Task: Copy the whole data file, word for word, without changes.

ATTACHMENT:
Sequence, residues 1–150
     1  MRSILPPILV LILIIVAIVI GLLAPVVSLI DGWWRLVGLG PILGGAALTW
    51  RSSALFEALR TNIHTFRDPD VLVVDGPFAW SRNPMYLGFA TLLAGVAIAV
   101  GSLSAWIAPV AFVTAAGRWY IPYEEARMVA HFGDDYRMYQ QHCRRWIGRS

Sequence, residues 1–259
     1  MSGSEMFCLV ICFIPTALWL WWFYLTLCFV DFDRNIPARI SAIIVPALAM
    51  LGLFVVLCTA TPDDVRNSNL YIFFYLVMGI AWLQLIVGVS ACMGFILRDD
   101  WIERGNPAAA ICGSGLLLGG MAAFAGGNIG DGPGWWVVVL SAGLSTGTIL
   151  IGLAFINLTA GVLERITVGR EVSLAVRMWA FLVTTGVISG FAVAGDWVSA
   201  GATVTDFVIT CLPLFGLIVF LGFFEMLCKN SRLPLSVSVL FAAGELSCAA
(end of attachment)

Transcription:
Sequence, residues 1–150
     1  MRSILPPILV LILIIVAIVI GLLAPVVSLI DGWWRLVGLG PILGGAALTW
    51  RSSALFEALR TNIHTFRDPD VLVVDGPFAW SRNPMYLGFA TLLAGVAIAV
   101  GSLSAWIAPV AFVTAAGRWY IPYEEARMVA HFGDDYRMYQ QHCRRWIGRS

Sequence, residues 1–259
     1  MSGSEMFCLV ICFIPTALWL WWFYLTLCFV DFDRNIPARI SAIIVPALAM
    51  LGLFVVLCTA TPDDVRNSNL YIFFYLVMGI AWLQLIVGVS ACMGFILRDD
   101  WIERGNPAAA ICGSGLLLGG MAAFAGGNIG DGPGWWVVVL SAGLSTGTIL
   151  IGLAFINLTA GVLERITVGR EVSLAVRMWA FLVTTGVISG FAVAGDWVSA
   201  GATVTDFVIT CLPLFGLIVF LGFFEMLCKN SRLPLSVSVL FAAGELSCAA